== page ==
When it comes to second homes, most buyers want them not as investments but as playhouse getaways where the living is easy.
Fifty-seven percent of 15,000 respondents from households earning $125,000 or more had less interest in golf course and tennis communities and ski areas than they did in low-maintenance housing in close proximity to shops and restaurants, walking paths, and outdoor activities such as hiking and bicycling.
And, indicating a greater boom ahead for the second-home market, the recently released study estimates that 25 percent of affluent households are interested in second-home ownership in the next two to three years.
"The Second Home/Vacation Property National Study" conducted for Altamonte Springs, FL-based Centex Destination Properties (CDP) by American LIVES, Inc., of Carmel Valley, CA found that potential home buyers were also willing to travel longer, more than four hours, to play, not to use the second home as an extended office.
While the National Association of Realtors has found growth in the number of second-home property investors -- from 20 percent in 1999 to 37 percent in 2002 -- second-home buyers who want to tune out remain the driving force behind the growing second-home market.
The second-home market is expected to double by 2009, putting price pressure on the most desirable locations, which come with two climatic extremes. Buyers prefer locations with either year-round temperate climates or those with distinct seasons, the survey said.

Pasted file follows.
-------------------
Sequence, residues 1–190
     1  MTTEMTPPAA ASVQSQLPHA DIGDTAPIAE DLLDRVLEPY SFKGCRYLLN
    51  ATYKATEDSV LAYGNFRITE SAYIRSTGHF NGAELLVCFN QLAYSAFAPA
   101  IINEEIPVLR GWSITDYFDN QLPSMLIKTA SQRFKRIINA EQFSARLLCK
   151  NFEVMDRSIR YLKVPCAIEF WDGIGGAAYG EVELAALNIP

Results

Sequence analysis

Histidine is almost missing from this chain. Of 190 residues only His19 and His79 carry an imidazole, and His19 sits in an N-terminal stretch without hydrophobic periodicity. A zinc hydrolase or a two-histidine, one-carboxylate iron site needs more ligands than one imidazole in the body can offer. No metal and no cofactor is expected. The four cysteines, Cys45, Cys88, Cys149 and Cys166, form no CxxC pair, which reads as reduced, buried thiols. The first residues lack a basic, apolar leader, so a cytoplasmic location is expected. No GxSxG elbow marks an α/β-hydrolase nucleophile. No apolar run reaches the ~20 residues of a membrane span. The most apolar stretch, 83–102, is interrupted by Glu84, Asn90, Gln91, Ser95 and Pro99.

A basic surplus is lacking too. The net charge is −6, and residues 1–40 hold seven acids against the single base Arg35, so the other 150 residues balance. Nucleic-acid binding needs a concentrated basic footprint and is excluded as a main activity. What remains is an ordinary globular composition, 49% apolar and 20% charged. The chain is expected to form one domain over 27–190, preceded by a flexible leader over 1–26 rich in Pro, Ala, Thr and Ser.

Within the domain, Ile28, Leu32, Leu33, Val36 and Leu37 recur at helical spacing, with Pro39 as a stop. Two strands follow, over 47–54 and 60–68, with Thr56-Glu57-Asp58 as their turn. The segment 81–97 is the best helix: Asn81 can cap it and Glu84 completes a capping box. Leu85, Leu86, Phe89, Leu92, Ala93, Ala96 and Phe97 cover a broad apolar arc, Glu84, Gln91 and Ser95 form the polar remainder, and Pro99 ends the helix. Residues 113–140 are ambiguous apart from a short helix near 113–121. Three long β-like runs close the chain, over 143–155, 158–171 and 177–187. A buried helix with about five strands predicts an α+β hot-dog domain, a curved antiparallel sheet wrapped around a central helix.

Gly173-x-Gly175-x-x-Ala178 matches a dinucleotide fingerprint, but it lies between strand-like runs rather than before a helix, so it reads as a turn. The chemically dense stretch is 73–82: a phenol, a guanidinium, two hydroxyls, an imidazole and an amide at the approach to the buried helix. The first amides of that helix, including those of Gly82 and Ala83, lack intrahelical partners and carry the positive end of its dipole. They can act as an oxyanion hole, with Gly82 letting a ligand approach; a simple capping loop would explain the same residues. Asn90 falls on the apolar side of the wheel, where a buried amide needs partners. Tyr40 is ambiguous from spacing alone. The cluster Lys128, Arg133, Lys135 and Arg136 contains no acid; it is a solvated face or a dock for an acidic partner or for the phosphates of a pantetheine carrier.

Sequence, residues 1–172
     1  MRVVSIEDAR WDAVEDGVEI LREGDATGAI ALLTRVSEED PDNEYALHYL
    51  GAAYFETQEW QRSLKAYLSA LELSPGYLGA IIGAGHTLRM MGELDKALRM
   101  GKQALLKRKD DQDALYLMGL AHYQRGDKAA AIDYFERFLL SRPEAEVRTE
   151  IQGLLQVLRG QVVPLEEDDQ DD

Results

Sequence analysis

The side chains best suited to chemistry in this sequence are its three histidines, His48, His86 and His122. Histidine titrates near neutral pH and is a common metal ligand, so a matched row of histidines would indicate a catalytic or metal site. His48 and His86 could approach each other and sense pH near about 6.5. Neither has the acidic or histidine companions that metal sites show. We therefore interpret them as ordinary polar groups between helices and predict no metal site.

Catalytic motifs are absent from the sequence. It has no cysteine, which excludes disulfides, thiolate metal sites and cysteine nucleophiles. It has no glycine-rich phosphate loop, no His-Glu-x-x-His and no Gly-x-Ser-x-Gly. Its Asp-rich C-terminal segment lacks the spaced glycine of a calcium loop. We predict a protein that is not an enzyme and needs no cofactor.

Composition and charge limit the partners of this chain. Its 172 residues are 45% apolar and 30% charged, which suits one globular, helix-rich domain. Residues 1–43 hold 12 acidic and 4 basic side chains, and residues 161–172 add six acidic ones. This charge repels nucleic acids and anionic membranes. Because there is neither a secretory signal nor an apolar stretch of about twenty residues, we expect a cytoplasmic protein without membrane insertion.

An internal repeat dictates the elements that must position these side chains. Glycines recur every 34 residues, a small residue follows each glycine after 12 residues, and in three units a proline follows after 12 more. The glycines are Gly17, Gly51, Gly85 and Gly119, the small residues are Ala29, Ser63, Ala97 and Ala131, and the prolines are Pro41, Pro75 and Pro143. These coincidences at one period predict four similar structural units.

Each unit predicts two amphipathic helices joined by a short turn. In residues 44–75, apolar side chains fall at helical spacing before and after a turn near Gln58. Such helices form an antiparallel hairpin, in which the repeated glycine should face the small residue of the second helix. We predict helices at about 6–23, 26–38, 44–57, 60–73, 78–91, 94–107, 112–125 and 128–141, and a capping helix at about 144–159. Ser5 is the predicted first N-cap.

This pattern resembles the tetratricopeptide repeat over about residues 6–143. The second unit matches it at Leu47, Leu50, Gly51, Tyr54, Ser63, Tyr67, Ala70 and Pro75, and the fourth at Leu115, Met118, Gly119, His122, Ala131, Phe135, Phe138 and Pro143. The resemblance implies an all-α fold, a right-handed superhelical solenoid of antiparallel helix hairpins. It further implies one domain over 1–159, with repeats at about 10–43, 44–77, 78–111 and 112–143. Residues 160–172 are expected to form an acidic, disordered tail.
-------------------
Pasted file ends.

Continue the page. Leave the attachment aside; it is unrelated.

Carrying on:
The survey's respondents had a median age of 45, well within the range of the 75 to 80 million baby boomers born between 1946 and 1964 who are largely responsible for the second-home market boom.
Thirty percent of those who responded were under the age of 40, 78 percent were married, and 87 percent already owned a home.
Most, 63 percent of those who responded to the survey, have already taken action to investigate second-home ownership -- 51 percent discussed it with their spouse; 25 percent requested information; 21 percent talked to a salesperson and 19 percent visited a second home or vacation community, the survey found.
Potential buyers in the survey were willing to pay $350,000 for a detached single-family home, and $295,000 for an attached dwelling. Last year, the national median price of all second homes was only $200,000, according to NAR.
The top five most popular destinations for second homes nationwide were in Florida, New Jersey, Delaware, South Carolina, and Hawaii's Maui, the survey said.
"Today's second home is a safe haven from the pressures of day-to-day life, where people can unplug and enjoy themselves with friends and family amidst natural beauty. We consider it not recreation, but re-creation," said Joel Sowers, CDP's executive vice president.